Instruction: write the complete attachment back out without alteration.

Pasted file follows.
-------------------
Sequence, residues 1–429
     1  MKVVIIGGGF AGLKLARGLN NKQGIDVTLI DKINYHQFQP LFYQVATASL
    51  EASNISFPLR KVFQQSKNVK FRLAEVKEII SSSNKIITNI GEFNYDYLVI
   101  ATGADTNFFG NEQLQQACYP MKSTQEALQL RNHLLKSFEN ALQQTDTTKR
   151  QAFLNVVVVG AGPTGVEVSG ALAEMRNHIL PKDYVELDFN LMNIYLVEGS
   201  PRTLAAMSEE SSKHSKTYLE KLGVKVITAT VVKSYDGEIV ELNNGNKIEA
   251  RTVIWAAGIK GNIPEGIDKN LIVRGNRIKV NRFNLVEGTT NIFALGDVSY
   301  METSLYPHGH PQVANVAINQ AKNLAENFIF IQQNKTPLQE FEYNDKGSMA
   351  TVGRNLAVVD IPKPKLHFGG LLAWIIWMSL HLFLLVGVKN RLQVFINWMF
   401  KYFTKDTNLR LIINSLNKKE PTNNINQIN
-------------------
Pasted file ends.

Sequence, residues 1–429
     1  MKVVIIGGGF AGLKLARGLN NKQGIDVTLI DKINYHQFQP LFYQVATASL
    51  EASNISFPLR KVFQQSKNVK FRLAEVKEII SSSNKIITNI GEFNYDYLVI
   101  ATGADTNFFG NEQLQQACYP MKSTQEALQL RNHLLKSFEN ALQQTDTTKR
   151  QAFLNVVVVG AGPTGVEVSG ALAEMRNHIL PKDYVELDFN LMNIYLVEGS
   201  PRTLAAMSEE SSKHSKTYLE KLGVKVITAT VVKSYDGEIV ELNNGNKIEA
   251  RTVIWAAGIK GNIPEGIDKN LIVRGNRIKV NRFNLVEGTT NIFALGDVSY
   301  METSLYPHGH PQVANVAINQ AKNLAENFIF IQQNKTPLQE FEYNDKGSMA
   351  TVGRNLAVVD IPKPKLHFGG LLAWIIWMSL HLFLLVGVKN RLQVFINWMF
   401  KYFTKDTNLR LIINSLNKKE PTNNINQIN